WASHINGTON — The Democratic Party’s 2018 midterm elections will be an epic battle over the future of government spending and spending cuts, as Republicans and Democrats will battle for control of the Senate and control of Congress.
The battle for the party’s 2020 Senate majority is also likely to center on whether it should try to pass a sweeping spending bill that will raise taxes on the wealthy and provide a lifeline to states struggling to pay for Medicaid and other government programs.
But the fight over government spending is likely to be a major battleground in the 2018 midterms, and there are several reasons why the party will likely face a tough fight.
There is little doubt that Democrats have a significant advantage over Republicans in the Senate.
The GOP is now the minority party in the upper chamber.
And the GOP is less likely to run ads in swing states like Florida, North Carolina and Ohio, as the GOP has done in the past, than Democrats.
The 2018 midterm elections also will be the first to be decided by the popular vote, which will determine control of both chambers of Congress in the midterm.
The most likely outcome of the midterm elections is a narrow victory for Democrats, who could hold onto the Senate majority and the House majority in the House.
But there are a lot of factors that could determine whether Republicans can gain a narrow advantage in the midterms.
In 2020, a number of factors could affect the party.
The 2020 census will likely take place soon, with a final count expected in late 2019.
If the Census Bureau does not release a final tally by December 2020, Democrats could still claim control of a large majority of the nation’s counties and state legislatures.
If they win at least 10 of the most competitive states, Democrats are likely to hold the Senate with a narrow margin of about 60 to 40.
Republicans will likely be in a stronger position in those states.
Republicans could also benefit from an increase in turnout from the 2016 election, which was driven by a surge of young voters, and the 2016 presidential election.
In the final weeks of the presidential campaign, Trump won about 60 percent of the white vote.
That’s a significant increase from his 2012 performance, when he won just 42 percent of whites.
If Republicans do not win a significant number of swing voters, they could suffer a huge electoral loss in the November elections.
Republicans need to win white voters by at least 60 percent to win control of either chamber of Congress, and that’s a tall order.
The Democrats’ advantage in turnout could also be the main driver of the party in 2020.
In a number to be released in the coming weeks, the Pew Research Center will release a national survey on voting patterns that will include questions on turnout, attitudes toward voting, the role of religion in politics and more.
While the Census figures are not yet available, it is likely that the most recent national poll shows Democrats winning the White House by a wide margin.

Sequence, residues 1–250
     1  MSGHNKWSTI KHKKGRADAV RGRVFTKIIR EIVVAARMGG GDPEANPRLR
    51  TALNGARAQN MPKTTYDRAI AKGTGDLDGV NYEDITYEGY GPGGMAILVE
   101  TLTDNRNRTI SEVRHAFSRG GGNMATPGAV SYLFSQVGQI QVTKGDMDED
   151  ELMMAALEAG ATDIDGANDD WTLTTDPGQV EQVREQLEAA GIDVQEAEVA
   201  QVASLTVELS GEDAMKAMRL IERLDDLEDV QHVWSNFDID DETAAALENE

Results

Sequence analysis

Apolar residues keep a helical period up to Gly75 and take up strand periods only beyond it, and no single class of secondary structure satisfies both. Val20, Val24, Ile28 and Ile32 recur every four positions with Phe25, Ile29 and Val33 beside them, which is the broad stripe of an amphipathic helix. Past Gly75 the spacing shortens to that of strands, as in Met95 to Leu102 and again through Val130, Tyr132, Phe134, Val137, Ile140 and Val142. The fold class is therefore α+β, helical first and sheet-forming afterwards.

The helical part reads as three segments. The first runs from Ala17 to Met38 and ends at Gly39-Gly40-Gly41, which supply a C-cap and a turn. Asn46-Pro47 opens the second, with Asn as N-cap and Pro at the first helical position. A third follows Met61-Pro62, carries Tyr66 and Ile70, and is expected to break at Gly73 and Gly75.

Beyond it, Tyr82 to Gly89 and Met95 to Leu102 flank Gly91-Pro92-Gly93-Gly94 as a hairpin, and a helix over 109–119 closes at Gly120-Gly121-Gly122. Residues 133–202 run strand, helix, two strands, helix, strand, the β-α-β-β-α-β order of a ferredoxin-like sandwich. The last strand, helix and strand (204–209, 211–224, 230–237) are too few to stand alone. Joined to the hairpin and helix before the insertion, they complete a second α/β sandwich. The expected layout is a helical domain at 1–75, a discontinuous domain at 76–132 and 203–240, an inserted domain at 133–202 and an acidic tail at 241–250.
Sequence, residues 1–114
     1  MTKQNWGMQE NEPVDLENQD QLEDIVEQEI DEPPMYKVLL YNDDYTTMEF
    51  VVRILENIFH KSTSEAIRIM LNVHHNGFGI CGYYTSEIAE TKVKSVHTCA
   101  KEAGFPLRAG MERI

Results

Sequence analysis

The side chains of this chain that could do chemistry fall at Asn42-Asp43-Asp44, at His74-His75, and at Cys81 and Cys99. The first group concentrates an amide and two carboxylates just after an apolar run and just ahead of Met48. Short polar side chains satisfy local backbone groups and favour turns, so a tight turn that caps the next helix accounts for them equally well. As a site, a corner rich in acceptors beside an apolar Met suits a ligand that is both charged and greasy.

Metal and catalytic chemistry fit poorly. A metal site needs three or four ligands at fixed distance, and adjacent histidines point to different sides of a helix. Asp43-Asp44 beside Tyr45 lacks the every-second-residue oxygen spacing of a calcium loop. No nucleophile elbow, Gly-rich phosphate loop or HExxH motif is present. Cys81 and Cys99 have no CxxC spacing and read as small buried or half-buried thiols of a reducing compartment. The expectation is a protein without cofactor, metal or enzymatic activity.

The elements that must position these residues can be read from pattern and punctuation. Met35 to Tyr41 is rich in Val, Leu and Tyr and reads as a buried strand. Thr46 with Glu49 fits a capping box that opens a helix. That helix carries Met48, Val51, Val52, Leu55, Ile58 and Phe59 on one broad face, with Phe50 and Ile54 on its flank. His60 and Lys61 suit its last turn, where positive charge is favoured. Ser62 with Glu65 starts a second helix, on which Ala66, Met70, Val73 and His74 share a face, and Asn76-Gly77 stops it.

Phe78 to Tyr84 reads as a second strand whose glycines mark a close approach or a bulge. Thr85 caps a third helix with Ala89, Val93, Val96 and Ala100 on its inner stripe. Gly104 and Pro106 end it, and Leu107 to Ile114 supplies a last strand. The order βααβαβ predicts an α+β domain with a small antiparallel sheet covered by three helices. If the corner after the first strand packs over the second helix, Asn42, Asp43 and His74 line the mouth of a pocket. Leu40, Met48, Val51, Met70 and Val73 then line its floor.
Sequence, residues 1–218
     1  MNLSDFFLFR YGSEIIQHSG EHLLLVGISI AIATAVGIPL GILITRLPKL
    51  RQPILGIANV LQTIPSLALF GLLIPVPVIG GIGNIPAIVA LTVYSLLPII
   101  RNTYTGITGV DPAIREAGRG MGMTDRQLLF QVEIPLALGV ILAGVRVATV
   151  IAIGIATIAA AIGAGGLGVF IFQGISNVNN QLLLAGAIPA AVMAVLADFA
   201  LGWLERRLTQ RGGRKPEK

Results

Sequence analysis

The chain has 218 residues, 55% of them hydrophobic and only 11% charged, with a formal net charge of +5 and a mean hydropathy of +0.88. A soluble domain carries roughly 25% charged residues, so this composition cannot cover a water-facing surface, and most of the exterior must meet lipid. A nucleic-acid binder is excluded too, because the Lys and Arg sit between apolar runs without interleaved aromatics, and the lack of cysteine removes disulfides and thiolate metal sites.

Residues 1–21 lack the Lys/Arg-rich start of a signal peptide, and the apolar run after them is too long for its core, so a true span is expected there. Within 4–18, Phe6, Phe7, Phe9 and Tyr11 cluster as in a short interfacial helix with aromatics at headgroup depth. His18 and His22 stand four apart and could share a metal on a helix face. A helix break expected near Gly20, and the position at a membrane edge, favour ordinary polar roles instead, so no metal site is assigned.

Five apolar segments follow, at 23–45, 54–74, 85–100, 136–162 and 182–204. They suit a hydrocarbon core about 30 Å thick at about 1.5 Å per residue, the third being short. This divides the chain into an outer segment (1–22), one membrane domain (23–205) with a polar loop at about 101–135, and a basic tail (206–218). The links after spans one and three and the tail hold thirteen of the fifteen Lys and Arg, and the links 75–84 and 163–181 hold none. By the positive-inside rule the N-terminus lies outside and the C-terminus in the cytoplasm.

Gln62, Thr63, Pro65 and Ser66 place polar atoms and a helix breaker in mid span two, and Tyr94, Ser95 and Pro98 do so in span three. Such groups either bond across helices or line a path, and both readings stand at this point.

There are also plenty of other factors that can affect the midterm election.
The economy is likely a big factor, with the Dow Jones Industrial Average down about 6.5 percent since the start of the year.
That will likely hurt Democrats.
If a downturn in the economy leads to an uptick in turnout, it could make the race competitive, but it is also possible that Trump will continue to do well among whites, which could help Republicans.
It could also help Democrats by providing a cushion if Republicans do lose more than 60 percent, which they will almost certainly do.
It’s not clear how many Americans have voted, but the Bureau of Labor Statistics reports that in the latest national survey, a record number of people voted in November, with more than 10 million people registering for the first time.
The Democratic advantage in registration will be particularly important in battleground states like Pennsylvania, Michigan and Wisconsin.
Democrats will have a bigger advantage in these states if they are able to make up some of the losses they experienced in the 2016 midterm elections.
The party will also have to win at a higher rate than the Republicans.
In 2018, Democrats won only about 5 percent of voters in the most-competitive states, according to exit polls.
If Trump does well among white voters in these swing states, he could have an especially strong electoral edge in 2020, especially if they vote at a lower rate than their white counterparts.
That could help Democrats win control over the House and possibly even gain control of control of all three branches of government.
The biggest factor that could affect how much the Democrats can win is the strength of the Republican vote.
In recent elections, Republicans have been able to take back seats in states like Georgia and Florida that they lost in the last midterm elections, thanks to the support of Trump’s voters.
In other words, Republicans are more likely to show up to the polls in 2020 than Democrats, which can help them.
The next election cycle could also bring a different dynamic.
If Democrats are able, or even if Republicans are able for the last time, to capture the House, Democrats will be in